While much of Trent Vale's habitat is isolated and fragmented, significant areas have survived large-scale agricultural development that is crucial to wildlife.
There are several nature reserves in the Trent Vale which are important to wildlife, but the surrounding landscape also offers a wide range of important habitats. The river itself has been hugely modified over the centuries for flood management and navigation. The vast majority of the floodplain, especially in the tidal reaches downstream of Cromwell is now separated from the river by long lengths of flood defence embankments and land drainage systems. This separation means that important areas of floodplain grassland are no longer inundated with water during the winter, a practice which is essential for the survival of the specialist wetland plants that thrive there such as pepper saxifrage.
Woodland and scrub
In the past, there would have been more woodland in Trent Vale than there is today. Parishes are arranged so that each has a stretch of riverbank, an area of rich fertile floodplain (often the best places for crops) and some woodland. Woodland would usually grow on the higher ground away from the river. Only fragments of these woodlands survive, although there are some excellent examples at Nottinghamshire Wildlife Trust's Treswell Wood, in addition to some isolated copses within farmland.
Due to the lack of significant woodlands in Trent Vale, hedgerows represent the majority of the tree cover. Historically, hedgerows would have been used as a means of enclosure and marking field and ownership boundaries. These small enclosures do not fit into the modern way of farming, and many have been lost as arable fields increase in size. However, some very old hedgerows are still remaining in Trent Vale, especially in the Holmes area, containing ancient standard ash, oak and willow trees and species such as buckthorn and midland hawthorn
Along the eastern side of Trent Vale is a very sandy area, known as the blown sands. This is a very unusual habitat that is rarely found inland, and supports heathland and grass heath communities. Nottinghamshire Wildlife Trusts Spalford Warren nature reserve is an excellent place to view this unusual community.
Traditionally a common sight in the Trent Vale, wildflower meadows are now nationally rare. They are being recreated in the Trent Vale, particularly as part of restored wildlife reserves at Besthorpe, Langford Lowfields and at Girton Grasslands, but also on farmland and in villages such as Church Laneham and Besthorpe. The meadows at Besthorpe and Lea Marsh are designated as Site of Special Scientific Interest (SSSIs) because they have distinctive plant communities including yorkshire fog, great burnet, lady's bedstraw, common knapweed, meadow vetchling and pepper saxifrage. An old borrow pit fringed by willows at Besthorpe has an interesting aquatic flora including spiked water milfoil and common water crowfoot.
Reedbed is an important habitat within the Trent Vale and can support a number of important species such as bearded tit, marsh harrier, reed warbler and bittern. Over 30ha is to be created at RSPB's Langford Lowfields with a further 8ha at Nottinghamshire Wildlife Trusts Besthorpe Nature Reserve, and will eventually make up the most extensive area of reedbed in the East Midlands.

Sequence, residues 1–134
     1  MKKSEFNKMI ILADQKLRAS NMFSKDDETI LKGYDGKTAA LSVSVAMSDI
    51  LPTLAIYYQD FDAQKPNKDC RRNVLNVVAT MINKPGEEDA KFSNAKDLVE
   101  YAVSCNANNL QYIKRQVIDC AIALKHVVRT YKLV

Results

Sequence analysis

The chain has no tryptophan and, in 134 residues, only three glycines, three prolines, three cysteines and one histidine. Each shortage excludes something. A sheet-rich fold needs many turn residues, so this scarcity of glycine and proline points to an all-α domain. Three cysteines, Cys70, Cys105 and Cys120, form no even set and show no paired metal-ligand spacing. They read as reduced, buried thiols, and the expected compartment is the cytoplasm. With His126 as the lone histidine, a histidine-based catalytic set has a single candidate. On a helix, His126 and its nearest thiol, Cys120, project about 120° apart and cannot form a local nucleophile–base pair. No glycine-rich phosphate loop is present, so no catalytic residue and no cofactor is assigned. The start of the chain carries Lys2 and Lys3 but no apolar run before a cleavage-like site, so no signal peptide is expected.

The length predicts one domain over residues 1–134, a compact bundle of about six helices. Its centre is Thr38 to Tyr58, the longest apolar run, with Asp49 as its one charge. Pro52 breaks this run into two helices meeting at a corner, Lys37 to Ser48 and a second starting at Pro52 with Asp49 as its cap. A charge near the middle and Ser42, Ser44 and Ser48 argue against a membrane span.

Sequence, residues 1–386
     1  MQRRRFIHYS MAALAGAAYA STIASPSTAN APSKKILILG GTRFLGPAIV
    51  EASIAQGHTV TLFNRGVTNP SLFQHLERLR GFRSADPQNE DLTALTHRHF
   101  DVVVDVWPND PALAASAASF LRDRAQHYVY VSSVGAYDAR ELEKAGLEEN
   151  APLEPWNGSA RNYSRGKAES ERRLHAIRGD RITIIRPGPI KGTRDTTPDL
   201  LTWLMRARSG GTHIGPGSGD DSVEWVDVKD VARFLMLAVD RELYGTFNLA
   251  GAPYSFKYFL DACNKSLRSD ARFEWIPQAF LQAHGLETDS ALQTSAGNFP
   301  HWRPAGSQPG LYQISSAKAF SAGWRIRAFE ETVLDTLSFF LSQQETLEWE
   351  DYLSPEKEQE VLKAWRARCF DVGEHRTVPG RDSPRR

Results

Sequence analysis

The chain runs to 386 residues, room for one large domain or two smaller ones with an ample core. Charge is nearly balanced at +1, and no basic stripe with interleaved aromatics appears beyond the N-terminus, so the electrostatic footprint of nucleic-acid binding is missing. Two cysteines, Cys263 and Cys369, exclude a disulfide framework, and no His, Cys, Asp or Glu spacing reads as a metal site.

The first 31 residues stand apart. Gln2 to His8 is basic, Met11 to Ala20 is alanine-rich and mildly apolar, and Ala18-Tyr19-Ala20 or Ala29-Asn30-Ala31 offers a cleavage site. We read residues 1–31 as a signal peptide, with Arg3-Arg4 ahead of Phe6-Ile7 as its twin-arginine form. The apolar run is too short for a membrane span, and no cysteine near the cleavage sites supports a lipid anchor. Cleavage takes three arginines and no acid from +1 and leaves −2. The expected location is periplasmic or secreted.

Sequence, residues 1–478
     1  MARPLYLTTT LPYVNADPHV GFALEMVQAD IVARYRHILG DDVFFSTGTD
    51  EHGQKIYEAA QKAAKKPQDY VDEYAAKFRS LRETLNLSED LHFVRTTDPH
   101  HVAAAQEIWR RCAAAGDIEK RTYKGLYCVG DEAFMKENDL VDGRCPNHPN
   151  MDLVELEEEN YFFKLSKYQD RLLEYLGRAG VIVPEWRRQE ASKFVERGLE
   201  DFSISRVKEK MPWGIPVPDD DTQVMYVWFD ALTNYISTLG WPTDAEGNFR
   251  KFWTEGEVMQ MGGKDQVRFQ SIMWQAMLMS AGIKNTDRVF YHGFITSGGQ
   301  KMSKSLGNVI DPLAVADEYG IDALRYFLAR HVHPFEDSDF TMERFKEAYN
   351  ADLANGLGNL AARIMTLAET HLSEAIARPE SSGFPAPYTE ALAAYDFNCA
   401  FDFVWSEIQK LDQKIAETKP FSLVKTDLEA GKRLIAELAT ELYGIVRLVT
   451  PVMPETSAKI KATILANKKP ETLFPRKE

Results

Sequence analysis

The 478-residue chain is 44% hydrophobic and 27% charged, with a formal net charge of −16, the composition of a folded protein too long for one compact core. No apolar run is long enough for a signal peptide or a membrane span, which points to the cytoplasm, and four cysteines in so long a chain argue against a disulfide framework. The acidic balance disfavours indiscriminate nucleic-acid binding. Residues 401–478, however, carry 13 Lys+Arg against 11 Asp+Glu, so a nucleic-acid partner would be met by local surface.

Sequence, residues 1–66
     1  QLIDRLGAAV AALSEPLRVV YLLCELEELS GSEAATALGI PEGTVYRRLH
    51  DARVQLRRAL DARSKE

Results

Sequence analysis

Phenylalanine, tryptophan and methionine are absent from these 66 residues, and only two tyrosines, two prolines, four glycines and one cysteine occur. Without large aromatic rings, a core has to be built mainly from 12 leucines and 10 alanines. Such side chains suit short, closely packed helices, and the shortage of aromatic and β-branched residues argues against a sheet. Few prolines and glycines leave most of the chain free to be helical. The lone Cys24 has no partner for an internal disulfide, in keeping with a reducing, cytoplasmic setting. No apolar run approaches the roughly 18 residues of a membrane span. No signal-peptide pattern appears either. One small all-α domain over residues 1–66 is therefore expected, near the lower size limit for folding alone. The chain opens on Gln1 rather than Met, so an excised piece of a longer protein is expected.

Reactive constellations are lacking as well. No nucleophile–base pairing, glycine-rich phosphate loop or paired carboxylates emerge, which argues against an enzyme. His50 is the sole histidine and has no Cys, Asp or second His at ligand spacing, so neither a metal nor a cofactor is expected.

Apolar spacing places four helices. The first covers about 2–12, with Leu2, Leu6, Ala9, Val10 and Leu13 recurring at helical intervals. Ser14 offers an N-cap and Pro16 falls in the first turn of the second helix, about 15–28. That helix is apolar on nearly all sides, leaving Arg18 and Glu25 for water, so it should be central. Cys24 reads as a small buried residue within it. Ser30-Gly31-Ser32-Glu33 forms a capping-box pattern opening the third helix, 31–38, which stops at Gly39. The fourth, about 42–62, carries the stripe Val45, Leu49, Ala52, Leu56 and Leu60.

Shallows, ponds and scrapes
Shallower areas within watercourses that have developed more naturally provide important habitats for fish, amphibians, reptiles and wetland birds. These habitats are more apparent along the stretch of the Trent west of Newark towards Kelham. Former mineral extraction sites that are being restored into wildlife areas are now also providing shallow ponds and scrapes such as those at Besthorpe and Langford Lowfields.
The bank side of the Trent is where the richest habitats can be found, often hosting a range of marginal and tall herb communities. Old oxbows and palaeo-channels still exist at South Clifton, Fledborough, West Burton and Bole Ings and these offer good habitat sites.
Feeder watercourses (canals, becks, dykes)
The watercourses which run into the River Trent also provide excellent areas of habitat which support important species; the Chesterfield Canal at Misterton and Walkeringham still supports a good population of water voles and the Fossdyke which enters the Trent at Torksey is thought to be a route used by otters to travel from the River Witham.
A number of the drainage ditches across Trent Vale are designated as Sites of Importance for Nature Conservation (SINCs) for their excellent aquatic plant communities. Many of these ditches are on private land and are consequently relatively undisturbed. Appropriate management of these watercourses is vital to the survival of these plants and the important species that they support.
The River Trent
The River Trent itself holds a huge range of biodiversity from freshwater sponges to fish, and water plants to winkles.
There are about 35 species of fish living in the River Trent including roach, chub, dace, bream, barbel, carp, pike, gudgeon, salmon and eels. Built structures such as weirs and locks provide a habitat for wildlife communities. For example, lock chambers in the Trent Vale are a good habitat for freshwater sponges. These are colonies of microscopic animals that most people recognise from the sea. Very little is known about freshwater sponges in Britain but they are considered to be fairly rare, though regular sightings suggest some species may be common. They grow on a solid substrate such as masonry in a flat lichen-like habit, from 50 to 100cm in diameter. Research is underway to identify species found on lock chambers at Cromwell weir and Misterton and to find out more about freshwater sponge populations in Britain.